Remembering the Sikh Genocide of 1984

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This article was first Published on June 7, 2020 at – :

This week is the 36th Anniversary of the attack on the Golden Temple. We, at the Center for Pluralism, feel the apprehensions the Sikh community feels. Since the inception of the event, “Reflections on Holocaust and Genocides” in 2006, we have commemorated 15 aspects of the Holocaust, 30 Genocides, and several Massacres. The purpose of the events is education, development of empathy towards fellow humans, and shedding our prejudices towards fellow humans.

On Sunday, January 27, 2013, we held the commemoration of the 1984 Sikh Genocide. In our annual Holocaust and Genocides program, we have covered over 30 Genocides around the world.

When we decided to commemorate the Sikh Genocides despite severe opposition from the extremist segment of the Indian community. We faced similar attitudes from the right-wing Pakistani community when we did the program on Genocides of Bangladeshis. The Turkish people behaved the same when we did a program on the Armenian Genocide. The right-wing Muslims opposed organizing the Holocaust event.  Oddly, and unbelievably, the right-wing segment among the Jews vehemently opposed holding a talk on Gaza Massacre to the point of lying to the public.  I remember all the insults hurled at us by everyone. 

If we want others to be inclusive, we have to demonstrate to the right-wing segment among us, that we are inclusive by showing them compassion and caring, rather than rejecting them. It is this attitude at the Center for Pluralism that has allowed us to deal with extremists among all traditions with care and empathy for their perceived or real pain.   

We have chosen not to respond to their hate with more anger or challenges, we made attempts to let them know that it is necessary to acknowledge the pain all of us have inflicted on the others.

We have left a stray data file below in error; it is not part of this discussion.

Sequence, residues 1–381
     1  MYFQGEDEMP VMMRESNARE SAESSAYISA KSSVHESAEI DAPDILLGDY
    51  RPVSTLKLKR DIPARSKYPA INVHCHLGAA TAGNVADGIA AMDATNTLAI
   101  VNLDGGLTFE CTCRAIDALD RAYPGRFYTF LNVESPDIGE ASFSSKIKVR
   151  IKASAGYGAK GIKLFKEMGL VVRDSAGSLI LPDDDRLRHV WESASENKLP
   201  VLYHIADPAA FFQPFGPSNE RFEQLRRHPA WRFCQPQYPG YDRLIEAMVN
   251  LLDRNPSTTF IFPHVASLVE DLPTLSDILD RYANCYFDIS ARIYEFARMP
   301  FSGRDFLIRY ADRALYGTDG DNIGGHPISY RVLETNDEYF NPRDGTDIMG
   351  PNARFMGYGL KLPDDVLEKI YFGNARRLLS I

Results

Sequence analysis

No one should be ashamed of what fellow humans from your group, nation, faith, or ethnicity do to the others; what you should be ashamed of is your attitude toward another human. If you don’t feel the pain of others, then there is something seriously wrong with you.  

We will continue to cover all the Genocides of the previous century and complete them in the next 20 years. We have also included Massacres around the world, including the Kashmiri Pundits, Gujarat Riots, and few more in India.  

We have come a long way, boldly rejecting the opposition from the extreme segments and doing the right thing. The purpose of this annual event is education – of learning to prevent these atrocities from happening again.

As Indian Americans, we owe it to our motherland that none of her children are hurt. The sparks of hatred are not dead, they will light up again between different communities in critical situations. Shame on us, if we allow anyone of the 1.3 Billion Indians to look down on the others, or consider them to be less valuable than us. We need to sit down, acknowledge every one’s pain, and forgive each other. Shame on us again, if we dump our problem to the next generation and poison them against each other.

God bless our motherland and every child of hers.

79 Pictures: 

Standing up for Sikhs- 

More pictures –

199 Pictures -Honoring Sikhs for setting the exemplary response towards Wisconsin Shooting –

Press release – 

Remembering the Holocaust and all Genocides. Watch Sohrab Modi’s clip in this link –

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